The average student debt has risen by 4 per cent to £6,228, figures from Barclays reveal.
The bank said its annual survey of more than 1,400 students recorded the lowest increase since the survey began in 1992, indicating that student debt was beginning to stabilise.
It put this down to parents contributing more to support their children through higher education and students saving significantly more before going to university than in previous years.
The National Union of Students refuted the findings, stressing that debt rises were only slowing, not ceasing, and criticised the survey as "oversimplistic".
An NUS spokesman said: "We have thousands of cases of students who are consumed by worry about the amount of debt they are accumulating.
"Many of them don't have an affluent family to subsidise them or bail them out if they get into real difficulty paying their fees or living costs.
"Students might be saving up to begin a degree, but even the amounts earned during gap years and holidays are a pittance compared with the real cost of living."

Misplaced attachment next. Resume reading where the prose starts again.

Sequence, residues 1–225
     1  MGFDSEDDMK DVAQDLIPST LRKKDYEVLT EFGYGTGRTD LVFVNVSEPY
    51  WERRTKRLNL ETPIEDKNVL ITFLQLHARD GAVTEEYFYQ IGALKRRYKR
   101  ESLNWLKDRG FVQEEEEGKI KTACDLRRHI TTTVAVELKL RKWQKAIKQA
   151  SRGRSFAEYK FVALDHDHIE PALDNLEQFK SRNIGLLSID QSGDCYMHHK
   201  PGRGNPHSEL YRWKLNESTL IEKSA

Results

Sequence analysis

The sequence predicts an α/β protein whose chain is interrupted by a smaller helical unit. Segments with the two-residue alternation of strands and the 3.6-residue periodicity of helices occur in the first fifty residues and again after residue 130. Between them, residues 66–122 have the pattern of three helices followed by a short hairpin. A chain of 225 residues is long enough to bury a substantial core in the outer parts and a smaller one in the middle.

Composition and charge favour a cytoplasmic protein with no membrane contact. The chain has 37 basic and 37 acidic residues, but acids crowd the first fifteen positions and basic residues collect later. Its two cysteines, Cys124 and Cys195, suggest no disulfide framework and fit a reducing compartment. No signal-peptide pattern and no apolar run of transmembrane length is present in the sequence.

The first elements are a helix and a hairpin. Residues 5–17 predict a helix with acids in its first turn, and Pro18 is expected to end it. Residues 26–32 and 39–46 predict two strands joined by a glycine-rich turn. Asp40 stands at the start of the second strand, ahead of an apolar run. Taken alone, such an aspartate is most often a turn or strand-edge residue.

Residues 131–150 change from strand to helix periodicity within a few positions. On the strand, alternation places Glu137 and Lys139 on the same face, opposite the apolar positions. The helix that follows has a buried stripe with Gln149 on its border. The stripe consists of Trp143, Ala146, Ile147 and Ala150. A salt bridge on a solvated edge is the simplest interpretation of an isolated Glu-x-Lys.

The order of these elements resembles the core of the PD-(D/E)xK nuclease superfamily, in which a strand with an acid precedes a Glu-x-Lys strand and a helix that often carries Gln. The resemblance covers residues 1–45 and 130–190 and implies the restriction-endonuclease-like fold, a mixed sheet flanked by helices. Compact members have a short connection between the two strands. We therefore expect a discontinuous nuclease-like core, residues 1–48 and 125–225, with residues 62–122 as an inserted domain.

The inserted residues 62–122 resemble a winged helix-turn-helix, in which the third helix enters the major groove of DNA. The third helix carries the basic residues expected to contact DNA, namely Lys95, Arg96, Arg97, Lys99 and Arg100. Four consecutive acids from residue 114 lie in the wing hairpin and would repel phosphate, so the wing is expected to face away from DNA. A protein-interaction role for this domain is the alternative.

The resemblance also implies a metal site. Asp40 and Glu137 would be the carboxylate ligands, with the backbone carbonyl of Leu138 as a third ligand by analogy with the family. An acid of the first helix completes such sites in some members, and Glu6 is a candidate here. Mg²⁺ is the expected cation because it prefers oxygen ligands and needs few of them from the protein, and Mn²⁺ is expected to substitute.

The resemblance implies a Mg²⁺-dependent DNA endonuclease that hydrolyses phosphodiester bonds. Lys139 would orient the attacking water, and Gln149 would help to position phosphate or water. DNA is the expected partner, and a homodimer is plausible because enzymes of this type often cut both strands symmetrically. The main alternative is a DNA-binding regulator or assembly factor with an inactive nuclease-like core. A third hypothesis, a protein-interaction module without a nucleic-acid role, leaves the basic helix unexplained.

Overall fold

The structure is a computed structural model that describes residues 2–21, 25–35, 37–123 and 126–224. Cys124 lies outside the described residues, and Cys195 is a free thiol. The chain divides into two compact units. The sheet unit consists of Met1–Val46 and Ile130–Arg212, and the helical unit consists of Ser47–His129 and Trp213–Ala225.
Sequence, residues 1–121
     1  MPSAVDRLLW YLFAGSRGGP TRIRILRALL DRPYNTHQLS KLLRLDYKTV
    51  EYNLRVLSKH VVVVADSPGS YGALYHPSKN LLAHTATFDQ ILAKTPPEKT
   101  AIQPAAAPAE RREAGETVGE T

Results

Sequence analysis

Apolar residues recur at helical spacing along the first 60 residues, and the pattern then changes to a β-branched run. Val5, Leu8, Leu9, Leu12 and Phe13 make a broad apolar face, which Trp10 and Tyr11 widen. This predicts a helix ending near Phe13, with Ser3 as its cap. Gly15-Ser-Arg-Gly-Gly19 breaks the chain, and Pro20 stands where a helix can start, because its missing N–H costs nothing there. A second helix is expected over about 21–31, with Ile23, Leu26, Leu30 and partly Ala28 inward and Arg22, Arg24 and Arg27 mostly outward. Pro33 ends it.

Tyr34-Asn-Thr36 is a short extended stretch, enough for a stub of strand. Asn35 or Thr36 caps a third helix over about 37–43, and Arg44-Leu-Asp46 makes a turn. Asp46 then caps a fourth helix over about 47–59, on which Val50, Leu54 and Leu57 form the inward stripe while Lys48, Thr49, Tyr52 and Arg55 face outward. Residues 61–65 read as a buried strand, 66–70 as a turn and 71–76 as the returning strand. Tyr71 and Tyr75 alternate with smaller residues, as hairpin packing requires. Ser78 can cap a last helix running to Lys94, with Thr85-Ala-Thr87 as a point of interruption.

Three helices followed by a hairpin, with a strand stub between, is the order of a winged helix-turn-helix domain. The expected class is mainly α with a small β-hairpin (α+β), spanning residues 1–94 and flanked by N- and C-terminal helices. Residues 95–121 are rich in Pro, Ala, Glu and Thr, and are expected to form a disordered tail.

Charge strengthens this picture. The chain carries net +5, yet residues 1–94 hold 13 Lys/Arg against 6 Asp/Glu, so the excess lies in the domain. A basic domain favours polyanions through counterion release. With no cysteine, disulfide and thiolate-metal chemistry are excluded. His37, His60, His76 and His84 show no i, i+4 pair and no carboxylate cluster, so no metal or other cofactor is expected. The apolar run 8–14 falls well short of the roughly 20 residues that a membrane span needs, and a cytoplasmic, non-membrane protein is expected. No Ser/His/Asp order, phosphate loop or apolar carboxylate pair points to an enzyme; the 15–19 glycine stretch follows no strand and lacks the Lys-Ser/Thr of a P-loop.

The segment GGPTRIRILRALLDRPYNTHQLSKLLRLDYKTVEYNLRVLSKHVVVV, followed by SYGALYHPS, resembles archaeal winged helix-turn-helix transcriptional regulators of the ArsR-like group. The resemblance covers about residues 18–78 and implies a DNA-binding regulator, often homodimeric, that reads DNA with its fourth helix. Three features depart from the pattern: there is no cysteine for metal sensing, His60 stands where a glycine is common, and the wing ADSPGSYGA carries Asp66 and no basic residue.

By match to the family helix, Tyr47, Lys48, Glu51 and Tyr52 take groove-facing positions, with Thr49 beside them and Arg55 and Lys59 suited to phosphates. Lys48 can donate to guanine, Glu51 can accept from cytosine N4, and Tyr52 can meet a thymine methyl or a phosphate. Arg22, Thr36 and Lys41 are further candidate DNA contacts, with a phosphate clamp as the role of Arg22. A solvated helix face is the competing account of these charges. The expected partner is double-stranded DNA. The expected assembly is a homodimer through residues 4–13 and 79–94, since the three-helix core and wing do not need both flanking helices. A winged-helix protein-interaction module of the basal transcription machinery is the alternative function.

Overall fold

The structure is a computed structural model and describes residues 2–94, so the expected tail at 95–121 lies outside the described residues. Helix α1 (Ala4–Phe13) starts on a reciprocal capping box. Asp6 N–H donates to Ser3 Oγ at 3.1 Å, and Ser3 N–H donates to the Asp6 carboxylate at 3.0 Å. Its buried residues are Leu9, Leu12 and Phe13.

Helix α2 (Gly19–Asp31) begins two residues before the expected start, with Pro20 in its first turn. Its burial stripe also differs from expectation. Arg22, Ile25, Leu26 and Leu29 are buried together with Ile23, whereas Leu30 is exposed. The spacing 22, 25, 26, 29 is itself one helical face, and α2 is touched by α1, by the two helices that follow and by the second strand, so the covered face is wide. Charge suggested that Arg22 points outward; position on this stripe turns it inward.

Barclays said that the increase of 4 per cent in debt levels this year compares with a steep rise of 37 per cent the previous year.
Debbie Shipley, manager of student and graduate banking at Barclays, said that debt levels were flattening out and that students were being more responsible financially by saving more and earning more from part-time and holiday work.
The survey found a 12 per cent increase on the average student loan to £6,100 over the year coinciding with a 12 per cent increase in the maximum amount available through the Student Loans Company.
Parents were contributing an average of £681 a student over and above their required contribution, an increase of 9 per cent.
In addition, students were saving 30 per cent more money before going to university.
According to the survey, the number of students working during term time remained at 39 per cent, although the hours worked shrank from 15 to 13 a week, with average earnings slightly up at £80 a week.
Barclays said that about 8 per cent of students were angry about their level of debt, which is a similar proportion to last year.
However, the proportion who said they were resigned to their debts rose slightly to about 25 per cent.